Privacy-Preserving Information Analysis

In this information age, many individuals and organizations generate plenty of information and such information is organized as databases. Inter-database analysis over such databases can help us to progress science and technology and improve a social system.

Such databases are, however, quite private, since they are related to individuals' privacy or organizations' business secrets. The individuals and organizations do not want to provide such information to an inter-database analysis. Our research team studies "multiparty computation", which enables us to analyze databased while keeping the database contents private as much as possible.

A simple example is: Two shops organize a tied-up sale, in which they want to send an announcement to the customers who are common to their customer lists. The shops simultaneously do not want to disclose the information on the customers who are not common between the lists. Using multiparty computation, the shops can obtain the common customers in the lists, while keeping the rest of the lists private to each other.

Another example is analyzing a biomedical database of intractable disease patients to find a factor that is tightly related to the disease in such a way that the patients' privacy is preserved. Our research team studies highly functional, efficient, and secure multiparty computation to enable the above useful applications.

Often, it is useful to analyze customers' online activities for improving an online service. To obtain a trustworthy activity log of customers, it is essential to authenticate customers. Authentication is of course crucial if the service is provided for members. In addition, it is also important if the service provider wants to distinguish different users for having different logs for different users.

Nonetheless, online activities are highly sensitive and private information. Then users and the service provider want to restrict the information that the service provider gathers to the smallest amount. This is because users want to reduce the risk of privacy invasion and the service provider wants to reduce the management cost of such sensitive information.

Anonymous authentication fulfills these needs. Using group signatures, which is a type of anonymous authentication, the service provider can authenticate a user in a way that the user to be authenticated is a member of a group but the service provider cannot know which user in the group is being authenticated right now. Using attribute-based signatures, which is also a type of anonymous authentication, the service provider can authenticate a user by knowing that the user is "(a team leader and in the accounting division) or in the sales division)" and no information beyond the fact that the user satisfies the above condition. This condition can be flexibly changed each time authentication is executed. This flexibility enables us to control how much information is disclosed to the service provider based on the needs of users and the service provider.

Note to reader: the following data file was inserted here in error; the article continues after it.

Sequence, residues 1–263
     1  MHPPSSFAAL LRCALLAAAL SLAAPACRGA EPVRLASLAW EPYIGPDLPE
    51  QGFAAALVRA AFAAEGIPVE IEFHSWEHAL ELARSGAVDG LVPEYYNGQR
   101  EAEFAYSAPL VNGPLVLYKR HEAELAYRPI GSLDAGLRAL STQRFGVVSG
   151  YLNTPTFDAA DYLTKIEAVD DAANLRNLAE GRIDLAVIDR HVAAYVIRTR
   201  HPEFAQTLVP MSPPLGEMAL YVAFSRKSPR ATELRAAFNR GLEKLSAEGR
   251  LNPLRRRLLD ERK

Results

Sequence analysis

Our team studies highly functional and efficient anonymous authentication.

Selected Publications

  • Nuttapong Attrapadung, Goichiro Hanaoka, Takahiro Matsuda, Hiraku Morita, Kazuma Ohara, Jacob C. N. Schuldt, Tadanori Teruya, Kazunari Tozawa: Oblivious Linear Group Actions and Applications. CCS 2021: 630-650
  • Shuichi Katsumata, Takahiro Matsuda, Wataru Nakamura, Kazuma Ohara, Kenta Takahashi: Revisiting Fuzzy Signatures: Towards a More Risk-Free Cryptographic Authentication System based on Biometrics. CCS 2021: 2046-2065
  • Toshinori Araki, Jun Furukawa, Kazuma Ohara, Benny Pinkas, Hanan Rosemarin, Hikaru Tsuchida: Secure Graph Analysis at Scale. CCS 2021: 610-629
  • Reo Eriguchi, Kazuma Ohara, Shota Yamada, Koji Nuida: Non-interactive Secure Multiparty Computation for Symmetric Functions, Revisited: More Efficient Constructions and Extensions. CRYPTO (2) 2021: 305-334
  • Junichiro Hayata, Jacob C. N. Schuldt, Goichiro Hanaoka, Kanta Matsuura: On Private Information Retrieval Supporting Range Queries. ESORICS (2) 2020: 674-694
  • Kazuma Ohara, Keita Emura, Goichiro Hanaoka, Ai Ishida, Kazuo Ohta, Yusuke Sakai: Shortening the Libert-Peters-Yung Revocable Group Signature Scheme by Using the Random Oracle Methodology. IEICE Trans. Fundam. Electron. Commun. Comput. Sci. 102-A(9): 1101-1117 (2019)
  • Kazuma Ohara, Yohei Watanabe, Mitsugu Iwamoto, Kazuo Ohta: Multi-Party Computation for Modular Exponentiation Based on Replicated Secret Sharing. IEICE Trans. Fundam. Electron. Commun. Comput. Sci. 102-A(9): 1079-1090 (2019)
  • Keita Emura, Goichiro Hanaoka, Yutaka Kawai, Takahiro Matsuda, Kazuma Ohara, Kazumasa Omote, Yusuke Sakai: Group Signatures with Message-Dependent Opening: Formal Definitions and Constructions. Secur. Commun. Networks 2019: 4872403:1-4872403:36 (2019)
  • Ai Ishida, Yusuke Sakai, Keita Emura, Goichiro Hanaoka, Keisuke Tanaka: Proper Usage of the Group Signature Scheme in ISO/IEC 20008-2. AsiaCCS 2019: 515-528
  • Yusuke Sakai, Shuichi Katsumata, Nuttapong Attrapadung, Goichiro Hanaoka: Attribute-Based Signatures for Unbounded Languages from Standard Assumptions. ASIACRYPT (2) 2018: 493-522
  • Ai Ishida, Yusuke Sakai, Keita Emura, Goichiro Hanaoka, Keisuke Tanaka: Fully Anonymous Group Signature with Verifier-Local Revocation. SCN 2018: 23-42
  • Keita Emura, Goichiro Hanaoka, Koji Nuida, Go Ohtake, Takahiro Matsuda, Shota Yamada: Chosen ciphertext secure keyed-homomorphic public-key cryptosystems. Des. Codes Cryptogr. 86(8): 1623-1683 (2018)
  • Yusuke Sakai, Nuttapong Attrapadung, Goichiro Hanaoka: Practical attribute-based signature schemes for circuits from bilinear map. IET Inf. Secur. 12(3): 184-193 (2018)